Gasping for breath on steep inclines, I tend to chatter to myself on the trail—especially when the trek gets tough. Maybe it's the endorphins, the energy drink, an over-baked brain, or simply oxygen deprivation. Anyone who listens gets an earful.
"I've decided," I say between gulps of rarified desert air, "that the key to a long, happy life…” My incessant talking requires more air—I take a mid-sentence breath. “…is to keep moving!" My friend Karl seems conveniently out of listening range. He stays ahead at a rapid pace, not responding. "Once you stop moving, it's all over." I finish my sentence to myself.
We humans are meant to move. We are built to navigate our way through the swirling changes of the universe. Our curiosity is the carrot that keeps us going. Once we lose that, the sparkle in our eye starts to dim.
"Marvelous day!" a 78-year-old German woman remarks as she passes us on the North Kaibab Trail. Tagging along, a young man follows her, trying to keep up. She is the most purposeful hiker we meet that day, radiant with life. We hear her announce her age to someone else she passes. Passing through her 78th year and the canyon floor, she doesn't seem like a person who looks much in her rear-view mirror. We never see her again.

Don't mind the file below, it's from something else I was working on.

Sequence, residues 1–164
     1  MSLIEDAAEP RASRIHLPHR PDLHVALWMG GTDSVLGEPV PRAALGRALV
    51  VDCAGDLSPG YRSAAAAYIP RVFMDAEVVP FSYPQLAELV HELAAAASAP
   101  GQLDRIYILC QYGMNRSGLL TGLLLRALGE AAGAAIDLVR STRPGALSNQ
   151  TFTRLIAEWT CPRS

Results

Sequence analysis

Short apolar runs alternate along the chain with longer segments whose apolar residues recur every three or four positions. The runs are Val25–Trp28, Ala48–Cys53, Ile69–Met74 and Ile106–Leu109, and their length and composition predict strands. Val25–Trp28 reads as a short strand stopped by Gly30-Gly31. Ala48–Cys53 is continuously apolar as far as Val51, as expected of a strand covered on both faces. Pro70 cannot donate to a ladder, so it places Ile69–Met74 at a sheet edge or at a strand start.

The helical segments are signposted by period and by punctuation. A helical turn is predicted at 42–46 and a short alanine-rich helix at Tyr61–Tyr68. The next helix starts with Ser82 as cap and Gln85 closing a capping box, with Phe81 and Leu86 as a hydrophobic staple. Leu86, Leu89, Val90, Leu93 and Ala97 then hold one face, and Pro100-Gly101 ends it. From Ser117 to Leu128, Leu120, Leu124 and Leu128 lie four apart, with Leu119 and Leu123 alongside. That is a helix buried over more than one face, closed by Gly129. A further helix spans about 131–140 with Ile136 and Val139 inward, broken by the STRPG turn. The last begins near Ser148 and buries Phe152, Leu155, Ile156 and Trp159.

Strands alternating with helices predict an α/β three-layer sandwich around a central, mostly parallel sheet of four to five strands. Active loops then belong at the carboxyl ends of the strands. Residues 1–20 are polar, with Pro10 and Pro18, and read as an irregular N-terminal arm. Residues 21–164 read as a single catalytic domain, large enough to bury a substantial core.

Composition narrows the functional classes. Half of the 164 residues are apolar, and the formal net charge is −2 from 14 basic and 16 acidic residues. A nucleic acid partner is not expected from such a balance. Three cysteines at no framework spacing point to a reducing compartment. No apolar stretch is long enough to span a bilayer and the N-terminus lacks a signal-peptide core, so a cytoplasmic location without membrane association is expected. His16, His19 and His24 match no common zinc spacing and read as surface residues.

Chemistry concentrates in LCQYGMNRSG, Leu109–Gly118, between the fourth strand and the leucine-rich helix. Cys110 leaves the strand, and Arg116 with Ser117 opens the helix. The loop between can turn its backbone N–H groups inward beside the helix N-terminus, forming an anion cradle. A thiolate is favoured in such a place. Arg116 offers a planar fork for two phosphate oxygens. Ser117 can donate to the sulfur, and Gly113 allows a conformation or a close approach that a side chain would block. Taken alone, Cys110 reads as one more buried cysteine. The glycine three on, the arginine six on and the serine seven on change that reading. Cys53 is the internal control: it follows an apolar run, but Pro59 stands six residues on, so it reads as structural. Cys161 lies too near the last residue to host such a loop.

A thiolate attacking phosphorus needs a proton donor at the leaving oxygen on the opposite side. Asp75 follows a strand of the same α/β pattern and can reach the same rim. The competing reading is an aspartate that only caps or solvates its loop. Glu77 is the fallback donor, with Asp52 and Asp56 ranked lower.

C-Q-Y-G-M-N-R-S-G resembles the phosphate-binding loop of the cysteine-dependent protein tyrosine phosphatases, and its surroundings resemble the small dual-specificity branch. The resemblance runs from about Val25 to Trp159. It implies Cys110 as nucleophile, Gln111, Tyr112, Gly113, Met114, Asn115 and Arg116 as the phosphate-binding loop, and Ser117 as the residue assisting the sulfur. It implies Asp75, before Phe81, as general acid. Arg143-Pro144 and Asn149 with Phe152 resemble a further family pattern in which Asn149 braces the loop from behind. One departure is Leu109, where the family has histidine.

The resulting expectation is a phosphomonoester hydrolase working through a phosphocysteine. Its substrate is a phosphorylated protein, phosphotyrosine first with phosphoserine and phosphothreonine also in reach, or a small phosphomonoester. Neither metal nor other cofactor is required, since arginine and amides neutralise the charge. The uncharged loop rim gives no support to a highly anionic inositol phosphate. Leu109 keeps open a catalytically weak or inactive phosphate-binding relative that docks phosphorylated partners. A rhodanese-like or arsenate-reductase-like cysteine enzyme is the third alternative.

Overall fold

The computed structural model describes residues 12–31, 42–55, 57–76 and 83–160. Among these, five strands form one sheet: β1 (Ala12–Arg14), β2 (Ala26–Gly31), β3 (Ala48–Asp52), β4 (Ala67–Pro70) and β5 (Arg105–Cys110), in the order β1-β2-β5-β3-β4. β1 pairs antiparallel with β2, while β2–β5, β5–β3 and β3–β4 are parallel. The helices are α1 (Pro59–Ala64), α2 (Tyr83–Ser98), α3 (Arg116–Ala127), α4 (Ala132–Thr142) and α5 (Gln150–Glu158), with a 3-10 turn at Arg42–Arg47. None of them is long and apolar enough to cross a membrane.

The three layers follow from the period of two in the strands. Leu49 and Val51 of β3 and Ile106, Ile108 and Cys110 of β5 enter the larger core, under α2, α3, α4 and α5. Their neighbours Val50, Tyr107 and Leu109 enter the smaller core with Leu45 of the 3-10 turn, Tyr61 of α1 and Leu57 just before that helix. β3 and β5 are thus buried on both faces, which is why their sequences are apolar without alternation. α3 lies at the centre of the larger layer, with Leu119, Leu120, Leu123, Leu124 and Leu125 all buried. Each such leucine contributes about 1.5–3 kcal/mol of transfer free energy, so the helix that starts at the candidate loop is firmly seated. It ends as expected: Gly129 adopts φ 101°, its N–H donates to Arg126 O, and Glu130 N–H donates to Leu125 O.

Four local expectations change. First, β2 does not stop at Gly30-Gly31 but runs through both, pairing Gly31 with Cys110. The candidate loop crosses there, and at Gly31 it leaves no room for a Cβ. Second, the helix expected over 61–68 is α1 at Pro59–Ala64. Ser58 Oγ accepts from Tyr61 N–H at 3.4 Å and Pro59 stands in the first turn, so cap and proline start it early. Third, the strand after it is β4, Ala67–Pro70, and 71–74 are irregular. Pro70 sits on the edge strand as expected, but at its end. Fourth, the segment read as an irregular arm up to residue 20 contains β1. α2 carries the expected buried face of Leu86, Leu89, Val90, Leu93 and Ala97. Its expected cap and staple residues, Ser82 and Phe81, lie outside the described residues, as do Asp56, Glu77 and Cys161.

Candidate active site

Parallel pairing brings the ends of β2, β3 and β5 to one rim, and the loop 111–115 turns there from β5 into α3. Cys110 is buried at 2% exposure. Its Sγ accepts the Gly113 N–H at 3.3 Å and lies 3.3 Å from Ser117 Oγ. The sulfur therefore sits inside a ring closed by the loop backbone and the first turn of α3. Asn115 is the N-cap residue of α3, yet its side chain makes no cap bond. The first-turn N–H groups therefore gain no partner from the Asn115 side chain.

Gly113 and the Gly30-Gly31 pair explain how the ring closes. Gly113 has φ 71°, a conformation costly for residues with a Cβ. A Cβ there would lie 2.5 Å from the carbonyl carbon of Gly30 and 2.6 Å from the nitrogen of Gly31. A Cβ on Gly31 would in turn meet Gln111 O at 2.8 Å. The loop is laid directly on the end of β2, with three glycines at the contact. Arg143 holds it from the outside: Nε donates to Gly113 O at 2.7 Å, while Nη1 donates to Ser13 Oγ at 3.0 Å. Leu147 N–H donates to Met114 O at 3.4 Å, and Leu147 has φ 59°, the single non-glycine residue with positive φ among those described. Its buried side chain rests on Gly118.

Looking ahead, I see Karl bound up another steep incline, walking into the sun. His energy seems to match the fireball in the sky. The canyon around him seems to be suspended in time—boulders are stopped halfway down enormous cliffs. Slides seem frozen. Rocks teeter on the edge of falling into the abyss but never seem to get that extra nudge. Of course, this is an illusion. The entire canyon changes with every step, just too slowly for our mortal beings to comprehend. Geology has its own time frame. But, it's all moving.
I finally stop talking as I watch Karl disappear into the canyon and sun. I want to take it all in with my next breath. I stop to make a photo. Then, I pick up my feet and start moving again.